Gender gap at work reflects political views of boss

March 1, 2016 by Greta Guest

Why are some male managers surrounded by a diverse group of subordinates while others only hire other men?

An organization's level of may reflect its managers' political ideology, according to a nationwide study of male law partners by University of Michigan professor Seth Carnahan.

"In general, women are much less likely to be promoted, and much more likely to leave their firms. We found that this gender gap gets smaller when male bosses are more liberal, but it gets larger when male bosses are more conservative," said Carnahan, an assistant professor of strategy at Michigan's Ross School of Business.

Carnahan said previous research suggests that more diverse organizations may perform better, and he wondered why some organizations had higher rates of .

He and co-author Brad Greenwood of Temple University analyzed data on political donations and large American law firms and found that underlying political beliefs impacted who partners select as subordinates.

The findings also suggest that liberal male law partners are more likely than moderate partners to serve on diversity committees and to select female associates for their client teams, while conservatives are less likely to do so.

Conservatives tend to believe society is better served when there is a traditional division of labor in the household where men are money earners and women take care of the kids, he said. A conservative manager may be more likely to believe that their female subordinates will eventually leave to take care of children so they may be reluctant to invest in them.

On the other side of the spectrum, he said that liberal managers may use their jobs to push for gender equality, which they see as socially important.

"It is important to emphasize that we don't know the right level of diversity for each office, each organization. Our results should not be interpreted as 'anti-conservative' or 'pro-liberal'," Carnahan said.

When companies are evaluating the selection and personnel decisions of managers in an organization, it's helpful to know their .

"They are probably not consciously discriminating against women, but their beliefs could influence their willingness to invest in female subordinates," Carnahan said. "And this could happen on both sides of the spectrum. You could have conservative managers who don't promote women enough and you can have liberal managers who promote women more than they otherwise should."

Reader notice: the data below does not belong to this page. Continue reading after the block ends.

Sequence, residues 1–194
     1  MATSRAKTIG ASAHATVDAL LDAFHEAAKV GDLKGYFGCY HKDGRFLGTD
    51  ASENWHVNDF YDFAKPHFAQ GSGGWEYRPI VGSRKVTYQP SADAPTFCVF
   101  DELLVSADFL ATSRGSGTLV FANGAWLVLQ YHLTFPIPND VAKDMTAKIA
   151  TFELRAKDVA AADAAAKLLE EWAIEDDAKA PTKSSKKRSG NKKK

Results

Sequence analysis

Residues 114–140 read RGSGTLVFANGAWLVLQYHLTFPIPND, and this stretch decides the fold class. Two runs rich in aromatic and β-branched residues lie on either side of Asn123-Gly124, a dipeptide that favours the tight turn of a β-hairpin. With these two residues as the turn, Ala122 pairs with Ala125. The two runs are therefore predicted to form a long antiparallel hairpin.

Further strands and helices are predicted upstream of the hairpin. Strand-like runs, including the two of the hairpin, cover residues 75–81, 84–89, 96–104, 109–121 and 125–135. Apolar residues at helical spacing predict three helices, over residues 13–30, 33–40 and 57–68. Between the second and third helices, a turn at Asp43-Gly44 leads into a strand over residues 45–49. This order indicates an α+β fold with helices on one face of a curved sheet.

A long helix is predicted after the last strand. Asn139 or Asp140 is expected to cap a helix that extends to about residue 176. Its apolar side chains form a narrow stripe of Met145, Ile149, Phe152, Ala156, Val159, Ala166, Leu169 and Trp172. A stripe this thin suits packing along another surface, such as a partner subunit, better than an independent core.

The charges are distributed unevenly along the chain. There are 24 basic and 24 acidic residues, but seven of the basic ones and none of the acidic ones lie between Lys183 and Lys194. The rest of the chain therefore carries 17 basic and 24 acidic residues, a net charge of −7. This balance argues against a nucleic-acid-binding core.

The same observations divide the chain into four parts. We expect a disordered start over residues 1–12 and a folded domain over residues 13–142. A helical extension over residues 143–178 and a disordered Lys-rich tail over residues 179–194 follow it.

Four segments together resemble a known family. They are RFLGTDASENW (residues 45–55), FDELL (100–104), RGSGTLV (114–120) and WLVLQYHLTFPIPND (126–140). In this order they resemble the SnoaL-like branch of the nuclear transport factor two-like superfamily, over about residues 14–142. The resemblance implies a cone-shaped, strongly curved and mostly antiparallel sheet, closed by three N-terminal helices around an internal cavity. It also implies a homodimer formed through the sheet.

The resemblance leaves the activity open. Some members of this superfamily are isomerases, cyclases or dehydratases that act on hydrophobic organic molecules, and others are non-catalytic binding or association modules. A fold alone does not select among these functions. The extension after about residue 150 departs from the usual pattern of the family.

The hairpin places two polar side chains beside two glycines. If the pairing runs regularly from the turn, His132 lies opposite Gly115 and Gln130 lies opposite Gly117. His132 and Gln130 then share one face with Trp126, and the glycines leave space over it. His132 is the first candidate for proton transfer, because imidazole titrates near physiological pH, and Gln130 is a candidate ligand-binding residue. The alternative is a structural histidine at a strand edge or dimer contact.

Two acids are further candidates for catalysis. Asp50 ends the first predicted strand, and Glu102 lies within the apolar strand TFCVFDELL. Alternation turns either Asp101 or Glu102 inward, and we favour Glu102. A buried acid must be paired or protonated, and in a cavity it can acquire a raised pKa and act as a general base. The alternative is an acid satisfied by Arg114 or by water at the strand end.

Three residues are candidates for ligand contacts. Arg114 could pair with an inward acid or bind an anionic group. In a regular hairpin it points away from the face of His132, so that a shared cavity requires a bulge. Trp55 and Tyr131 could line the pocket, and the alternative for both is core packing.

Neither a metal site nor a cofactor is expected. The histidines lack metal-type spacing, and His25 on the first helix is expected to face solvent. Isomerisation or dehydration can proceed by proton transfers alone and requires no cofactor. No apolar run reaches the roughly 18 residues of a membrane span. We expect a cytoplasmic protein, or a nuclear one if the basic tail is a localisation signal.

Explore further: Female managers do not reduce the gender wage gap, study finds

More information: Seth Carnahan et al. Managerss Political Ideology and Gender Inequality within Organizations, SSRN Electronic Journal (2016). DOI: 10.2139/ssrn.2721979

Related Stories

Female managers do not reduce the gender wage gap, study finds

June 18, 2015

Working women are "leaning in" and supporting more females in leadership roles, but a new study finds that having a female manager doesn't necessarily equate to higher salaries for female employees. In fact, women can sometimes ...

Men may feel more threatened by female bosses, research finds

July 10, 2015

Men may feel threatened by female supervisors and act more assertively toward them than male bosses, which could disrupt the workplace with struggles over power dynamics, according to new research published in the Personality ...

Recommended for you

1 comment

Adjust slider to filter visible comments by rank

Display comments: newest first

BobSage
not rated yet Mar 01, 2016
My guess is that it is being socially liberally that is the key to women's success in a workplace. Libertarians are conservative economically and liberal on social issues. Conservatives are conservative on both.

I am a libertarian who owns a business. My CEO is a woman and we have equal pay and opportunity for women. You won't find someone more conservative economically than I am. On social issues, I believe in letting people do what they want.

Please sign in to add a comment. Registration is free, and takes less than a minute. Read more

Click here to reset your password.
Sign in to get notified via email when new comments are made.